Genetics students have a rare opportunity to learn how to live with a rare disease
Sweet said the experiment was two hours of student questions. She speaks briefly to begin, presenting the students with photos of Emma and an overview of the disease. Then they ask questions.
“The students were very engaged,” Sweet said. “They had very good questions — thought-provoking questions — who have demonstrated their critical thinking skills.
Basic questions included: How did Sweet know Emma had XP? What research is there? What impact has COVID-19 had on his situation? What other medical components go with XP? Some questions were more about family dynamics: How does Sweet’s son deal with XP? How do you live day to day? What are Sweet’s fears?
Sweet said she was emotional after the conversation.
“It’s my ‘everyday’ but when I talk about it I realize how different our lives are from other people’s lives,” she said.
Sweet’s family life is unlike most. Emma has special gear that she has to wear whenever she goes out during the day. She must wear a hat — they call it “Emma’s fan hat” because it has a fan inside to keep her cool — two layers of long-sleeved clothing and long pants and gloves. The windows should also be tinted. The windows of Sweet’s house and car are tinted, as well as the windows of the rooms Emma uses at school and at church.
Life for the Sweet family was further complicated last year when Sweet’s 9-year-old son was diagnosed with celiac disease. Now the family has to bring their own food (in addition to all of Emma’s gear) to many activities because it can’t be gluten.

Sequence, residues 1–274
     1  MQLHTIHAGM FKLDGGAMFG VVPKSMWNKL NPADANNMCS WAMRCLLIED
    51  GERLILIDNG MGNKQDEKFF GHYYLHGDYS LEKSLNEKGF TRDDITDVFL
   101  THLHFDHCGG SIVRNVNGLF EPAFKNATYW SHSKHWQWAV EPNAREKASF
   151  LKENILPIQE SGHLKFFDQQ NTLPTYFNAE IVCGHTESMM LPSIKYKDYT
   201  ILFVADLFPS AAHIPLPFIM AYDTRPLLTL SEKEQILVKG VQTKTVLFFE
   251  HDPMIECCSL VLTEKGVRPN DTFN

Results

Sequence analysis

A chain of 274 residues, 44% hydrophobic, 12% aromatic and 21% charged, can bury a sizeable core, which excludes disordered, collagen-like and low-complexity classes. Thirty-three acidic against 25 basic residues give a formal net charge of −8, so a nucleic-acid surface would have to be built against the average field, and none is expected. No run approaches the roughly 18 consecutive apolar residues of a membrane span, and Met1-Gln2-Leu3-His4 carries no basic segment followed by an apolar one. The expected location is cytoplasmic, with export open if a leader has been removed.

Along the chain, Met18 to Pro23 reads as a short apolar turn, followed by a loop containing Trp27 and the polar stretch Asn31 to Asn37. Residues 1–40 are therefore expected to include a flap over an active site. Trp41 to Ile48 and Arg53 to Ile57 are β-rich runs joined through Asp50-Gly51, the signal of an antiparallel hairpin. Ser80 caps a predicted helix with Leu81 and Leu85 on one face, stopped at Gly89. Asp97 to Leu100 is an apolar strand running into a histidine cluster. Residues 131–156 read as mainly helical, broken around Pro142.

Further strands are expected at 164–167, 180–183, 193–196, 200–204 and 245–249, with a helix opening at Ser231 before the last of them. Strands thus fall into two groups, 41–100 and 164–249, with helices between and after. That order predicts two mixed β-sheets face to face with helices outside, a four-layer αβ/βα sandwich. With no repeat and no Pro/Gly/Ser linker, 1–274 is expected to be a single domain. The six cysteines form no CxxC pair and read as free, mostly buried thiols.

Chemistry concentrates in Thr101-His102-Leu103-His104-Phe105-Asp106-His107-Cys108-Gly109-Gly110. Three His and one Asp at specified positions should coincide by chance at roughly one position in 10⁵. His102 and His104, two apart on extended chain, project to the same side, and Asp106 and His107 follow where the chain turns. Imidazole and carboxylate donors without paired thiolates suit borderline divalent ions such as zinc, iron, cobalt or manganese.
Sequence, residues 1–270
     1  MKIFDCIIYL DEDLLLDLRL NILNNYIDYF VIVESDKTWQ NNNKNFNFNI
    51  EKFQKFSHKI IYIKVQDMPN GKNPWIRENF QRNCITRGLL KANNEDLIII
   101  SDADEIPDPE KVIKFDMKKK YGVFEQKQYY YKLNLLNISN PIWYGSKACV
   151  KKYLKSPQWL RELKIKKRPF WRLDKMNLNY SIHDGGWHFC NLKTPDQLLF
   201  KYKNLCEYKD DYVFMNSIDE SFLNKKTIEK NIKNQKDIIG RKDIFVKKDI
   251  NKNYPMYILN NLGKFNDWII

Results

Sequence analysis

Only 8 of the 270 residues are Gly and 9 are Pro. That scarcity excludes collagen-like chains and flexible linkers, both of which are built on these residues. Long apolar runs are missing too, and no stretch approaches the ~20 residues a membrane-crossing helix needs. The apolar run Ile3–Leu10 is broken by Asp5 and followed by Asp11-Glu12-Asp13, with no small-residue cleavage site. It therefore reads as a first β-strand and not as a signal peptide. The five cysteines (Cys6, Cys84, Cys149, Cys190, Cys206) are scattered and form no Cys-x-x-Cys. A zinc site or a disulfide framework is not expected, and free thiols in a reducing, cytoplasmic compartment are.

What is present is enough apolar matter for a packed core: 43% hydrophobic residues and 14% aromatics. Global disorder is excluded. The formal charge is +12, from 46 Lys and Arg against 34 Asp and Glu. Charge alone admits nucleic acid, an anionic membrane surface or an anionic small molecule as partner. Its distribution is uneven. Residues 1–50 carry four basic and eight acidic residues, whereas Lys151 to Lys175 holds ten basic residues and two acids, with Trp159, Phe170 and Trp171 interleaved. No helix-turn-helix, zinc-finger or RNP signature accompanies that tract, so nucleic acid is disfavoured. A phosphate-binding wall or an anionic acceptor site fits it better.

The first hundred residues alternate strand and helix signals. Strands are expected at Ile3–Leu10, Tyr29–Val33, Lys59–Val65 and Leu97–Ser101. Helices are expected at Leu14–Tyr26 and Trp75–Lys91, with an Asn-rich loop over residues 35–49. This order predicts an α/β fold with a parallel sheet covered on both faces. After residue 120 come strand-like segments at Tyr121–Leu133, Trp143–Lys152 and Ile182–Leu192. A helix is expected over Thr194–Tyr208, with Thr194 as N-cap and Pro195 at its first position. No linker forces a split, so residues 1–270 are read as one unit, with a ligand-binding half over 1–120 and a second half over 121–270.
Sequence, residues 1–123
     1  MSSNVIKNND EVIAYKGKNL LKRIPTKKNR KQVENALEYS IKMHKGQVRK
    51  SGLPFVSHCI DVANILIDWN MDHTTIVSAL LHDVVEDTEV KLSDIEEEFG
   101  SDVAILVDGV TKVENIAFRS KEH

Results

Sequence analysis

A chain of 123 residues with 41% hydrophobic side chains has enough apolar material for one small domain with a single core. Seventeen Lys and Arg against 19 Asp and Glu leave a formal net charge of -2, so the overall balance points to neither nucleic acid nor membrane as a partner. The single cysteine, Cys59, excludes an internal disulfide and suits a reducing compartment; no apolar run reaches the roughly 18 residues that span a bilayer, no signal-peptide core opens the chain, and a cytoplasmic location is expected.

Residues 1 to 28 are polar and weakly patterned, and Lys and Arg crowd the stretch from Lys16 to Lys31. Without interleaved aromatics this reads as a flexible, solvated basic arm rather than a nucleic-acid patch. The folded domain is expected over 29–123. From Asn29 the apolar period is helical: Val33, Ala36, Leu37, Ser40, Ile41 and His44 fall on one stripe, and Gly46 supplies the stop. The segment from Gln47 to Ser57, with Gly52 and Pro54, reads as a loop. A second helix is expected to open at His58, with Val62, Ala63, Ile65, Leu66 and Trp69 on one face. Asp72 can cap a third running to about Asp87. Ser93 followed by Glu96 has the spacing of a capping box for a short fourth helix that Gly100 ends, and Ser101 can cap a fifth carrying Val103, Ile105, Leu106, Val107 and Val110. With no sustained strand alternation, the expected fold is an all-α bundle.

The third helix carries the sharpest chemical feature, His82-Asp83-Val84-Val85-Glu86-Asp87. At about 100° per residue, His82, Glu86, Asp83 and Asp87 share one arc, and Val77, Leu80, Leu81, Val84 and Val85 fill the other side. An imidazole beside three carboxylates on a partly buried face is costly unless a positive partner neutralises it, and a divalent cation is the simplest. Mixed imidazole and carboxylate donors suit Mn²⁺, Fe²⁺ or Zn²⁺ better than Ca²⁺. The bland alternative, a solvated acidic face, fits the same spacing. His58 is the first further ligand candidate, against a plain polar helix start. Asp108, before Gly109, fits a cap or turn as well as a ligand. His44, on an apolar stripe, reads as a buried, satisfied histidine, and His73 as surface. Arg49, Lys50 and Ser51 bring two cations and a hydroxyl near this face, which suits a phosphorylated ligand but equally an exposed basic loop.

Sweet said Emma is doing well, despite living with XP.
“She’s a brave kid,” Sweet said with a smile. “Very witty, very independent and she can be sassy.”
“My job is to make sure she can do whatever she wants to do, but we have to be creative in finding ways to do that,” Sweet said.
But they do. Emma rides horses, goes to school, swims in the lake, plays basketball and plays in the playground with her friends.
“Especially with rare diseases, there is no financial incentive for pharmaceutical companies to come up with treatments,” Ramesh said. “It is family members who advocate, connect and seek support, more than the communities we typically think of as doing research. It’s a big challenge for someone dealing with a rare disease.
Sweet is a dedicated lawyer and keeps herself on top of XP research. She keeps a Google Scholar alert, so she is notified when a new scientific paper on XP is published. Recently, the search in his alert was for Emma.
Because XP can cause cancer from sun exposure, Sweet was warned that Emma could develop skin cancer from sun exposure before she was diagnosed. Earlier this year, Emma had a tumor removed from her scalp. The tumor was benign but a rare neurochristic hammertome. Emma was the first XP patient to have one. The doctors asked Sweet for permission to write a scientific paper to inform other doctors.
The class was “a really rewarding experience,” said Marrett Gilfus ’22, a biochemistry major. “My grandma actually had experience with the XP camp in New York where the kids only go out at night. So, while I was familiar with the condition, it is so extraordinarily rare that I had never heard of anyone living directly with the condition before. It was truly an exceptional opportunity to understand that, although rare, these diseases touch the lives of people in our community.
If you want more information about XP, please visit xpfamilysupport.org.